Every project that uses numbers to make sense of literature seems to teach us again that in digital analysis we create more data than we can ever fully use and therefore understand. And yet, with each new project we produce more. In the Community Resource Guide to Digital Humanities Curation, Julia Flanders and Trevor Muñoz define research data as the "raw and abstracted material created as part of research processes and which may be used again as the input to further research."1 Computational analysis of large corpora is a time-consuming process, and a lot of analysis ends up on the cutting room floor (or on the blog, or in a footnote or an appendix). We need to make better use of that discarded data—the detritus other people shed on the way to an answer. Think of it as data recycling to combat data waste.
I'm not saying there aren't good reasons for starting over with every major research project—for hand-picking a corpus and developing an algorithm tailored to a specific question. Throughout academia the premium on scholarly originality is high; we in the humanities haven't had access to big literary corpora for very long, and going over the same ground can certainly suggest a failure of imagination. Moreover, it's often not fully clear what someone else's research process was. But it's worth dealing with these issues if someone else's work produces evidence relevant to a question you want answered.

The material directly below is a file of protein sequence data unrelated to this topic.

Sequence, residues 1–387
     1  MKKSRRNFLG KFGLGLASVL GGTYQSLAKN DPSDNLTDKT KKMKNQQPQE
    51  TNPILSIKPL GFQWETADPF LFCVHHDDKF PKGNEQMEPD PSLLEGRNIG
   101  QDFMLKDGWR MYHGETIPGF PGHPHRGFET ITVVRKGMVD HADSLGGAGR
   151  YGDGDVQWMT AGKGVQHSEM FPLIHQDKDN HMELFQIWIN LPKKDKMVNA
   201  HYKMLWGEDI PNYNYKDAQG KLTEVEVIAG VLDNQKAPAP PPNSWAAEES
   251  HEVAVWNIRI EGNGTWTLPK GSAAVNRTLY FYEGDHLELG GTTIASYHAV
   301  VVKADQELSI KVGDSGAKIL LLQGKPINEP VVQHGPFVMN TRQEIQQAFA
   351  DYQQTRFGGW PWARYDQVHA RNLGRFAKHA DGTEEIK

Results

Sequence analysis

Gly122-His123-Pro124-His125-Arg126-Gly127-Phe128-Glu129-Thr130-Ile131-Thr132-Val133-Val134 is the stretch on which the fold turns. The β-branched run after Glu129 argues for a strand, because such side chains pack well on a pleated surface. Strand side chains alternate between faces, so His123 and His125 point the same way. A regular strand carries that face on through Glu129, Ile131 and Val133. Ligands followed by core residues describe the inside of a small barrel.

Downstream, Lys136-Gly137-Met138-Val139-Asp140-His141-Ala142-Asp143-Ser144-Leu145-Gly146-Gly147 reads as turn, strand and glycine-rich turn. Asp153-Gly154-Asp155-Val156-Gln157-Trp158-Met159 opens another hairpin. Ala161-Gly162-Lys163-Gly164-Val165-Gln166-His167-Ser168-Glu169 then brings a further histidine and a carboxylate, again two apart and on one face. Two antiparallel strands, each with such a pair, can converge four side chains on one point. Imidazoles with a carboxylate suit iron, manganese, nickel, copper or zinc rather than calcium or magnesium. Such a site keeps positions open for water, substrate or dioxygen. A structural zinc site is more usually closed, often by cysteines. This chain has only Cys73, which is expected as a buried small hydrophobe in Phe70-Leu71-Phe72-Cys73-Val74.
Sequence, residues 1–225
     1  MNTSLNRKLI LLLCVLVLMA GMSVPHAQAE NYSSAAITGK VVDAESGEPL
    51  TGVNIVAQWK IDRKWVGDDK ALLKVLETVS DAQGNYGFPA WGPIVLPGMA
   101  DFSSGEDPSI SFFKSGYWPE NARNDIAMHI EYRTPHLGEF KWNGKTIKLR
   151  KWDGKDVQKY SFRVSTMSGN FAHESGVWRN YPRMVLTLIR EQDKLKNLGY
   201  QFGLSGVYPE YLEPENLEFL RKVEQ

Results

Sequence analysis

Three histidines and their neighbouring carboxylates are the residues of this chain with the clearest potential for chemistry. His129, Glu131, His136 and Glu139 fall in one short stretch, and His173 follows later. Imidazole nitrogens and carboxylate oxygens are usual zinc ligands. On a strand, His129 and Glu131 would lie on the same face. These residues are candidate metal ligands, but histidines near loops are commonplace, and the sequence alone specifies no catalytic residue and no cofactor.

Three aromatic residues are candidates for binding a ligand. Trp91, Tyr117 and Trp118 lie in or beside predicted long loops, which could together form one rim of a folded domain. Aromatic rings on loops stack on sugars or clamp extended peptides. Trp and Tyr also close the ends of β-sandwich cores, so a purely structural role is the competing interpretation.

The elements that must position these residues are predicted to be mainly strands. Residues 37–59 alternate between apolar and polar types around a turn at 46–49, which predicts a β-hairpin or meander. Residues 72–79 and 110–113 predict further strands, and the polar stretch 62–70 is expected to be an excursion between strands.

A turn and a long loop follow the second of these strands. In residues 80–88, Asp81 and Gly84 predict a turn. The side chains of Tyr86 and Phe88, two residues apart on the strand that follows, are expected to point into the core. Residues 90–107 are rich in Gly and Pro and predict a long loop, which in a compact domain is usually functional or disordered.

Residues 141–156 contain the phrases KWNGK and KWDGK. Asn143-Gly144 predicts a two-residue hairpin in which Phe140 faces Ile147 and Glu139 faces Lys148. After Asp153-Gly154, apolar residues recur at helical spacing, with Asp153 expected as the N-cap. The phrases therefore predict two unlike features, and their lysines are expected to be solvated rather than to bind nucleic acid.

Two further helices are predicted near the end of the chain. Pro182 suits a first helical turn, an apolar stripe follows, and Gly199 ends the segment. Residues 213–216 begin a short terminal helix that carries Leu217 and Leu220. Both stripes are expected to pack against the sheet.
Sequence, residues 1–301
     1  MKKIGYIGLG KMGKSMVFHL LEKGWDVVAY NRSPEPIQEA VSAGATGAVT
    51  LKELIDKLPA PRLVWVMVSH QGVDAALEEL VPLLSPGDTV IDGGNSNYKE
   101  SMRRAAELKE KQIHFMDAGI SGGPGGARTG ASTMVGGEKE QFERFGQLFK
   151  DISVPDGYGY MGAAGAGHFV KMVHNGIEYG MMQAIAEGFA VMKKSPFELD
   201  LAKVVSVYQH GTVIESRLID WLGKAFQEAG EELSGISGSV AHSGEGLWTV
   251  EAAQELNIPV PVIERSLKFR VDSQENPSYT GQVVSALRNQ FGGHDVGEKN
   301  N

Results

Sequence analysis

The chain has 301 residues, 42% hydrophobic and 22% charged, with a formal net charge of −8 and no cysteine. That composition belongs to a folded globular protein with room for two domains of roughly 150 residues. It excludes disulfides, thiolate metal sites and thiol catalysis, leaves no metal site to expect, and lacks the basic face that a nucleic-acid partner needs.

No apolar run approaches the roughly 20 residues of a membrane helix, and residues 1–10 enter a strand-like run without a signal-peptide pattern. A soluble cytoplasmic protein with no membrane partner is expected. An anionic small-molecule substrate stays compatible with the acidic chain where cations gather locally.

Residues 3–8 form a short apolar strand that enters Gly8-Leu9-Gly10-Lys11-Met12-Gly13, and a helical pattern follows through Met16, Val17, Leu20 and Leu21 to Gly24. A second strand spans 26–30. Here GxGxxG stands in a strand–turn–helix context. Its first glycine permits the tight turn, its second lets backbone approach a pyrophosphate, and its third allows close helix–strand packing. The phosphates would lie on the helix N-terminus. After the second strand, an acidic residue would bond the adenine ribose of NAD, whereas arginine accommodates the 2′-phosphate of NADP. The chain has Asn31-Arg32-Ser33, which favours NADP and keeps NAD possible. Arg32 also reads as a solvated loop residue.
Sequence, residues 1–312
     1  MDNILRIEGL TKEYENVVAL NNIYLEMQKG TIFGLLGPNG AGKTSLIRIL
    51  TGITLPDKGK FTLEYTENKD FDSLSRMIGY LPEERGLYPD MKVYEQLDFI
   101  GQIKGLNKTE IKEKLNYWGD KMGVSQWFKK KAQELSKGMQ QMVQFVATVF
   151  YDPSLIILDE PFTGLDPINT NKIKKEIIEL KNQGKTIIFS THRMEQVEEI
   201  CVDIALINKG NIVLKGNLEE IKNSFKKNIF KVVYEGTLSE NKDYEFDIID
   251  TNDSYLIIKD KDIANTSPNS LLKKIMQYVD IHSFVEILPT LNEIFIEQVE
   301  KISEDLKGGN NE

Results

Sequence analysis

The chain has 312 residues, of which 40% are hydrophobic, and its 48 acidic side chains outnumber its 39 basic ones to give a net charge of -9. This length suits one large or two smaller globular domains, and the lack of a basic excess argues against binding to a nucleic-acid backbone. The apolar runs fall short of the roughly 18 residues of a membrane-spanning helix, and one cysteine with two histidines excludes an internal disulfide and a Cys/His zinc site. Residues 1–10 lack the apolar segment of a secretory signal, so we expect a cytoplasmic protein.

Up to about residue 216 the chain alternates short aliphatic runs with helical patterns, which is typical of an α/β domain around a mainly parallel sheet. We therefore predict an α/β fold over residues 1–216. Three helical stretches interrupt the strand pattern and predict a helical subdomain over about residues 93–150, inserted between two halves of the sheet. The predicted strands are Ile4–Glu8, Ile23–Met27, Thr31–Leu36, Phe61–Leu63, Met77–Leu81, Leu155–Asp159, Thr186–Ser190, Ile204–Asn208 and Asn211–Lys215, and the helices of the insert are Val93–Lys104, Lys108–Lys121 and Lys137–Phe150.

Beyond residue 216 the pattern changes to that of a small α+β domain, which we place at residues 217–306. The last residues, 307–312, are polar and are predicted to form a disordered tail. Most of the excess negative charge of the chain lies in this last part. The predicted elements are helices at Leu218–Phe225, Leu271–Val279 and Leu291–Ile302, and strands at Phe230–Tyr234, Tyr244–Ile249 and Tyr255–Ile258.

Here's my case, then, for making more of other people's data: to re-appreciate the value of work that has already been published, and to look at the work of others not only as the basis for creating an analogous project, but as a set of new primary texts that merit further investigation. I lay out two examples: first, how a specific tool might serve as the potential basis of further analysis, and, second, how a set of texts that foiled a predictive tagger constitute a discovery in the context of a more specific field of inquiry. Both studies would require computational literacy and traditional reading methods—and thus suggest new ways to integrate cultural analytics with methods from literary study.
The definition of data offered by the NEH Office of Digital Humanities Management Plans includes software code, algorithms, digital tools, and documentation. Much of the conversation around sharing work has focused on the development of code and corpora—two time-intensive elements of large-scale digital work that lend themselves to being adapted or repurposed for very different kinds of studies. I'm advocating a turn to the byproducts of cultural analytics—to more project-specific tools, documentation, and discoveries.
To underscore the difference between transforming key elements of someone else's work and basing a project on what they found, I turn to "The Quiet Transformations of Literary Studies," Andrew Goldstone and Ted Underwood's digital analysis of literary studies journals between 1889-2013, published in 2014 in NLH.2 It used a shared corpus (they worked from JSTOR's Data for Research, a project designed to make JSTOR's metadata and texts available to researchers for largescale analysis)3 and Goldstone subsequently made the code public, which Jonathan Goodwin then adapted to create a HathiTrust topic browser. The third element of "sharing" in this project is less familiar: the site Goldstone set up to allow the rest of us to explore their 150-topic model of JSTOR data, the Topic Model of Literary Studies Journals.